The Zika Virus Could Take a Huge Toll in the Americas
An African virus that historically rarely infected people is spreading in the Americas, apparently causing the babies of infected mothers to be born with deformed heads. The Zika virus is carried by mosquitoes and spreads when the insects bite. And though it appeared in the Americas just nine months ago in the Easter Islands off Chile, the World Health Organization said it will soon spread to almost all countries in the Americas, including to the United States.
In 2014, Brazilian health officials reported 147 cases of babies born with shrunken skulls: it was microcephaly, a congenital deformation of the skull that compresses the infants’ brains. In 2015, the number jumped to nearly 4,000 microcephaly cases reported in the country.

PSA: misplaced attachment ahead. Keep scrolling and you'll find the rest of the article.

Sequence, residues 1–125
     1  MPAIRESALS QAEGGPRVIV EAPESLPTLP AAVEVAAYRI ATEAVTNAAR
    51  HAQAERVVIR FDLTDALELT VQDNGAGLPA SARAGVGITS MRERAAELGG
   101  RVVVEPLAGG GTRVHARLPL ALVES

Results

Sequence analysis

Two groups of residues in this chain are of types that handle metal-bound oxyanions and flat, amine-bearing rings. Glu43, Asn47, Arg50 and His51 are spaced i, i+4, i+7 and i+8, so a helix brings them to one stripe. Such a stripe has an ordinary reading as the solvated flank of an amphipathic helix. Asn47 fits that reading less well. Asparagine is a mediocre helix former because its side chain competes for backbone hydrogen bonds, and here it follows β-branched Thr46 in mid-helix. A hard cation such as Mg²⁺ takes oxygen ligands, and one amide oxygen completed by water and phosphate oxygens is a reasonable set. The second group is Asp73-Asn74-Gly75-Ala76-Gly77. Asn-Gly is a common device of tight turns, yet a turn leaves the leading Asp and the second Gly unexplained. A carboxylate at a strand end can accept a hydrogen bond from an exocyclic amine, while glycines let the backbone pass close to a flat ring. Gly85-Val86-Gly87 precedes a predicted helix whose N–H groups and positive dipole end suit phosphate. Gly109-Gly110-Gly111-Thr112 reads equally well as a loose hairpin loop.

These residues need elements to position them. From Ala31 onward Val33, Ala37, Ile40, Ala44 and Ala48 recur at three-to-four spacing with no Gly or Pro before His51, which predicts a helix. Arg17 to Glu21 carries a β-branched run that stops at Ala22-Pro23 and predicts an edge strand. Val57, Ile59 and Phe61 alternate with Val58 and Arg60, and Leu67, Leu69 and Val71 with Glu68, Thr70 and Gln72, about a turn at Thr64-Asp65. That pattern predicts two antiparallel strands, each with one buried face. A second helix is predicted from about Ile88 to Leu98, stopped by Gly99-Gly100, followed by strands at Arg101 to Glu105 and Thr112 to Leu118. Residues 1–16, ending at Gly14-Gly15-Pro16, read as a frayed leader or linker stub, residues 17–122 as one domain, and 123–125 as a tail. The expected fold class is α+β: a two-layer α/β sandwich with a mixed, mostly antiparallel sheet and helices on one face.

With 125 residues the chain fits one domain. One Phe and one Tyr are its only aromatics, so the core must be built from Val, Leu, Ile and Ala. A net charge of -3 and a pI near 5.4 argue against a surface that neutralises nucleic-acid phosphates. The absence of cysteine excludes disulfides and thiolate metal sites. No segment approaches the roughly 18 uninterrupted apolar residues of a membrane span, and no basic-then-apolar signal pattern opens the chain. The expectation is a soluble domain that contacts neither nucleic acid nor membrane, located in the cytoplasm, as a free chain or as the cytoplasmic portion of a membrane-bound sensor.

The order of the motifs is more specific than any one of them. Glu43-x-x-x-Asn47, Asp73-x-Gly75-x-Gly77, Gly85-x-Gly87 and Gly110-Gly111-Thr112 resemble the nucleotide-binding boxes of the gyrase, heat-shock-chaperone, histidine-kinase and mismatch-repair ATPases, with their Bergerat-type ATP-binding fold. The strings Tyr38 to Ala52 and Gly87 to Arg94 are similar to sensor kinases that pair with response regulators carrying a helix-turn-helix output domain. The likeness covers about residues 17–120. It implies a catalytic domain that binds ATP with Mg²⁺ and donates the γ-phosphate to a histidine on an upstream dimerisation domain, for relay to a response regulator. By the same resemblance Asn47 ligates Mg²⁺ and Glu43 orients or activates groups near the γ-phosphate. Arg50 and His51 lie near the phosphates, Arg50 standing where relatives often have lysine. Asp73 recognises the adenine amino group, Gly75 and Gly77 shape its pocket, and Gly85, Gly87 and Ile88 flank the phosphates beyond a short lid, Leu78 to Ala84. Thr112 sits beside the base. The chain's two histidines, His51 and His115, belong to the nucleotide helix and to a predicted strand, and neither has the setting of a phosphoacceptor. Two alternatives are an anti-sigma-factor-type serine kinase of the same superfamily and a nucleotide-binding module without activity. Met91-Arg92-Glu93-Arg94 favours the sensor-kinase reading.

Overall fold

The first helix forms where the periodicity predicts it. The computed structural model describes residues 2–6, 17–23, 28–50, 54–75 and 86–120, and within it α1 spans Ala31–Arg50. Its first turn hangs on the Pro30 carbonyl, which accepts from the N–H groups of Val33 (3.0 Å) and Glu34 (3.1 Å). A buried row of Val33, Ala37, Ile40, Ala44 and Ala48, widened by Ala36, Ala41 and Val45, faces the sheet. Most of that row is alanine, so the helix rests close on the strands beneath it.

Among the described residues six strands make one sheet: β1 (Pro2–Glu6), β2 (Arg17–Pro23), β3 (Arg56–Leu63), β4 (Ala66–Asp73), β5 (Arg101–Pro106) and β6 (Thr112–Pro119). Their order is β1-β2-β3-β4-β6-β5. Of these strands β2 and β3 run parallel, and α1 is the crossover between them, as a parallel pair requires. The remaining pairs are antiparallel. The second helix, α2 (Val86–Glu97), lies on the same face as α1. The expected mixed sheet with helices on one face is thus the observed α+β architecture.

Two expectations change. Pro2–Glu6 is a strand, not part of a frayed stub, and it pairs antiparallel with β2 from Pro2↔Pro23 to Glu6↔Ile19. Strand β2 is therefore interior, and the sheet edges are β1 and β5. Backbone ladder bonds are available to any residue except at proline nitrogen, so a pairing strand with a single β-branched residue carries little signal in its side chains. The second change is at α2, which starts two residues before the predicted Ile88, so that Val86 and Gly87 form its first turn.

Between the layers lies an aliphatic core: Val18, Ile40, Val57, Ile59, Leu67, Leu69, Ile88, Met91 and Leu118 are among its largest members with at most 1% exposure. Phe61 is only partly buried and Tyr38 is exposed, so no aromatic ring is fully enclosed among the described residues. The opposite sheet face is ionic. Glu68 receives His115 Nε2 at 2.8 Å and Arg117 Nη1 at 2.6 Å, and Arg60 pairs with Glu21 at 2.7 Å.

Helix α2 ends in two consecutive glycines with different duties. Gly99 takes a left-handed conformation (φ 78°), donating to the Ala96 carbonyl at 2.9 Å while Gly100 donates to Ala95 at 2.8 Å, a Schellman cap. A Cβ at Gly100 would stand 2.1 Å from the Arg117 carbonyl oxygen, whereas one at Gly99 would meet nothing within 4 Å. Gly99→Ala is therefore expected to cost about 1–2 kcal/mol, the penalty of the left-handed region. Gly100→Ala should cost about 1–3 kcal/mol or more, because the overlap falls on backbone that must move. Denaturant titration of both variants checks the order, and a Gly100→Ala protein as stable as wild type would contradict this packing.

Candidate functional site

The correlation between the 2015 explosion in microcephaly cases in Brazil and 19 other countries in the Americas and the spread of the Zika virus is so strong that many public health leaders accept the hypothesis that maternal infection with the mosquito-carried virus during pregnancy causes the skull deformations. Zika virus genetic material has been found in the amniotic fluids of mothers delivering microcephaly babies, and autopsies of two babies that died of the ailment discovered Zika viruses in their brains.
This X-ray picture from Colombia compares the skulls of a normal baby to “Patient 1,” born to a mother who was infected with the Zika virus during pregnancy. (latinamericascience.org)
Though the Zika virus has recently appeared in the U.S., no cases were acquired in the country and no infected mosquitoes have been found in the 50 states. But the infected insects lurk nearby: locally acquired Zika cases have emerged in Puerto Rico and Mexico.
Europe has also reportedly identified Zika-infected babies — in all cases, the —> Read More